Monday, September 18, 2006

Top ten most dreaded night float pages

Here's a list that I compiled last year while covering intern night float, which at our institution means cross-covering on 100+ patients for all the major and minor problems that occur after hours, or as one of our attendings puts it, the "things that go bump in the night."

Most of these contain inside humor, usually the implication of an especially onerous task. I left out "Doctor, I wanted to let you know that your patient's blood pressure is 135/70. . .oh really? You're not concerned?. . . you just had fallen asleep?. . . sorry, doctor" as it fits more in the annoying category than dreaded one.

10. Doctor, Ms. Adams is crying again, could you please go talk to her?
9. Doctor, the patient was just found down on the floor. . .no, we’re not sure how long he’s been there. . . no, he doesn’t know how he ended up there. . .
8. Doctor, the lab just called about Ms. Baker, you know, the one you were just examining. . .she has scabies. . . you mean you weren’t wearing gloves?
7. Doctor, I just finished vital signs rounds. . . you may want to sit down for this. . .
6. Doctor, the patient is refusing to take her psych medications. . . she says the voices tell her she shouldn’t. . .
5. Doctor, the patient’s iv just infiltrated. . .but doctor, he has no veins!. . .well doctor, his iv antibiotics were supposed to start 4 hours ago and his temperature is 102.4. . .
4. Doctor, the patient still hasn’t had a bowel movement and is complaining of worsened bloating and abdominal pain. . .no, that’s right, neither the fleets, soapsuds nor oxbile enemas had any effect. . .
3. Doctor, the patient’s pain seems to be improved, but she is no longer waking up. .
2. Doctor, the patient just pulled his NG tube out again. . . yes, he’s still wearing the four point hard leather restraints and straitjacket. . .
1. Doctor, the patient’s pulse just shot up to 230, his blood pressure is 240/120, and he’s complaining of chest pain. . . no, only two of the three bags of cocaine that he swallowed have passed so far with the golytely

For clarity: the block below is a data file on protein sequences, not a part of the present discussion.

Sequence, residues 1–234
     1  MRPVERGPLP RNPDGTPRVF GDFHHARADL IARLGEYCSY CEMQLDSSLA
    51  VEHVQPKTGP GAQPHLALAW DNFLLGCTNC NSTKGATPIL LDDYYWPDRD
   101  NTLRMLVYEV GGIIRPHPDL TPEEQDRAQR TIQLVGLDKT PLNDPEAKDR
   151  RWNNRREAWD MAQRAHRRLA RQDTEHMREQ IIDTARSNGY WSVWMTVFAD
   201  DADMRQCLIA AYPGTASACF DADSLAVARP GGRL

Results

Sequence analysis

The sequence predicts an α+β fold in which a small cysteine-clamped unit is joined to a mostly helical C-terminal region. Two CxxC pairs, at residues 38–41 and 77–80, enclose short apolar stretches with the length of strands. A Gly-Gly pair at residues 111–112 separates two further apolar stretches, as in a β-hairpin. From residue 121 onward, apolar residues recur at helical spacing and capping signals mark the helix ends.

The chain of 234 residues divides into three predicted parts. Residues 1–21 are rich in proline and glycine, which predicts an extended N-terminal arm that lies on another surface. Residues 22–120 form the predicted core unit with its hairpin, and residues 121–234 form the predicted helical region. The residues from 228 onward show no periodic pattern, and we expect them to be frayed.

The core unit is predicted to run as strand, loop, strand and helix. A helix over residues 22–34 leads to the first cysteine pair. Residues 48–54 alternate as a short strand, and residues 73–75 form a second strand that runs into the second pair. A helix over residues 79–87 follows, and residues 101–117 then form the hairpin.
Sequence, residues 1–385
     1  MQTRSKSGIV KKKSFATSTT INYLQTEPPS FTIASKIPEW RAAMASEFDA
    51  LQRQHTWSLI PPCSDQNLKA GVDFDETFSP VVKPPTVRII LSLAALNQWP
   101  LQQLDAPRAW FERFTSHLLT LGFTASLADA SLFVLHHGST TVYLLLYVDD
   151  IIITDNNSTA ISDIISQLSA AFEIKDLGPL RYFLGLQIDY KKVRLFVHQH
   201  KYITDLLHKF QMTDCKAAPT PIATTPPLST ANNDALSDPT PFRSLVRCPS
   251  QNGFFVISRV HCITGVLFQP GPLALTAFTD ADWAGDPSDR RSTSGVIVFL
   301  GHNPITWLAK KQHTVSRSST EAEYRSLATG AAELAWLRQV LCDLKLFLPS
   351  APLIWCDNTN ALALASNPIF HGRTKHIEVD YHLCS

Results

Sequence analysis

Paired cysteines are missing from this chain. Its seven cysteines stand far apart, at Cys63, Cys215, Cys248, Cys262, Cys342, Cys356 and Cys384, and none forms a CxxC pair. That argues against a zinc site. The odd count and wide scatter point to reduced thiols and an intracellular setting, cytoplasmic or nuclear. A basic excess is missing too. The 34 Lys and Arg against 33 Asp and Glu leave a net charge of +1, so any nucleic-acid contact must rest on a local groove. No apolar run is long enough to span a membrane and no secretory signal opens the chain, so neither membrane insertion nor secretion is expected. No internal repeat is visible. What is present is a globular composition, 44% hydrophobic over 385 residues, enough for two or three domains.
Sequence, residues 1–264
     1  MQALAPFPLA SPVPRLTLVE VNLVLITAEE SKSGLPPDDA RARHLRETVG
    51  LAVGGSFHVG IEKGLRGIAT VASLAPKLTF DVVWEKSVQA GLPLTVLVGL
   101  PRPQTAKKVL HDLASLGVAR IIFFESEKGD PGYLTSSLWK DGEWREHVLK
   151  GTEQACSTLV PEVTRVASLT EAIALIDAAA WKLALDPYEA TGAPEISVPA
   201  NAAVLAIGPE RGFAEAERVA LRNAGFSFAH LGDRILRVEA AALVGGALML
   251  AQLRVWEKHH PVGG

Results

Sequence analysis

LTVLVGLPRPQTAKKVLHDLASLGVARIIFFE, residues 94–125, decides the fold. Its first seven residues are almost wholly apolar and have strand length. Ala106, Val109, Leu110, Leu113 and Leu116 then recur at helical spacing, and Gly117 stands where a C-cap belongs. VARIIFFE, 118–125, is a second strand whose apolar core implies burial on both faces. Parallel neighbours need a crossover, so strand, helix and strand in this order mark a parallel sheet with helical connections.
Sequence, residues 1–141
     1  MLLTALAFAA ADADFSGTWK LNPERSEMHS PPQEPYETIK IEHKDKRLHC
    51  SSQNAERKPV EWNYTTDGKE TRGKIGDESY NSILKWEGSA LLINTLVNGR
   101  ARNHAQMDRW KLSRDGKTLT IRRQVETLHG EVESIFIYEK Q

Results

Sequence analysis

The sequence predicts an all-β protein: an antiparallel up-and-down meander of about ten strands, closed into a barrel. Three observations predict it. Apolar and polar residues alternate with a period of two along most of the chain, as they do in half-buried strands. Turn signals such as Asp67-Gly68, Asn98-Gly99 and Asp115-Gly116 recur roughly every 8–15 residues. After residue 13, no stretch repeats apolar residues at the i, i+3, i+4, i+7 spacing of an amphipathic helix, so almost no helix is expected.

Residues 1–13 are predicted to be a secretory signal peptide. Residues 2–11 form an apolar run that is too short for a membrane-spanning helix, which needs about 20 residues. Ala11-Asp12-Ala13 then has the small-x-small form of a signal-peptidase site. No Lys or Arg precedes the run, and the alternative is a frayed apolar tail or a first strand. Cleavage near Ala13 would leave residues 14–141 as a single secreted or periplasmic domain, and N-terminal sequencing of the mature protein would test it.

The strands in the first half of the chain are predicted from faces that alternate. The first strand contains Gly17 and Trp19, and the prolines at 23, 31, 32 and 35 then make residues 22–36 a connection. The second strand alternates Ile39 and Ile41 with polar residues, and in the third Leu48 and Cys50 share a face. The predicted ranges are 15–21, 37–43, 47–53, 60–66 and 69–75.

Saturday, September 16, 2006

HIV on the metro

A rather chilling poster decorated the insides of our metro trains this spring, carrying the following message:

For every 20 people aboard this train, one is infected with HIV.

That's the language I remember, anyway; I can’t currently seem to find a copy of it. The poster's purpose being to shock and scare, that’s exactly what it did. I remember one evening riding home from work, seeing the poster, and thinking that there must have been several hundred people on the train, perhaps a few dozen of whom carried the virus.

Of course, it obviously wasn’t true. The author would have used DC HIV infection rates, ignoring that most metro riders live outside of the city. But just how close to the truth was it? From the never-ending stream of HIV infected patients at the different hospitals where I work, I knew there must have been some basis for the claim, but do we really have an HIV epidemic in DC of African proportions?

According to the DC Department of Health,

As of December 31, 2004, the reported prevalence of HIV (not AIDS) in the District of Columbia was 17,205 cases. Of that total, 81.7% was African American, 14.6% was White,3.2% was Hispanic, and less than 1% was Asian/Pacific Islander and American Indian, whereas 70.1% was male, and 29.9% was female.

Considering there were 572,059 people living in DC, that makes a prevalence of 3.01%. The Department of Health estimates that up to 25,000 people (4.4%) may actually carry the disease. Round that up to 5% and there’s your poster.

How does DC compare to other states? Not very well. For persons living with AIDS, DC leads all other states with 1.906 per 100 people, over 4 times higher than New York, the next closest state. To be fair though, let's look at how Washington compares to other cities. These are the 5 metropolitan areas with the highest yearly AIDS incidence (newly diagnosed disease) per 100,000 people (2004 numbers):

1. New York 56.7
2. Washington DC 40.3
3. San Francisco 33.5
4. Orlando 31.2
5. Tampa 25.7

DC’s got HIV, and it's got it bad. Even if posters like the one on the metro exaggerate the threat, I’m glad to see someone’s doing something about it.

Tuesday, September 12, 2006

The lovenox story, part II

The lovenox story part I

Removed for the time being because I was unhappy with how the story came out. If you have an interest in this particular story, let me know and I can e-mail you a copy.

Monday, September 11, 2006

The lovenox story, part I

Removed for the time being because I was unhappy with how the story came out. If you have an interest in this particular story, let me know and I can e-mail you a copy.

The lovenox story part II

Thursday, September 07, 2006

Our patient?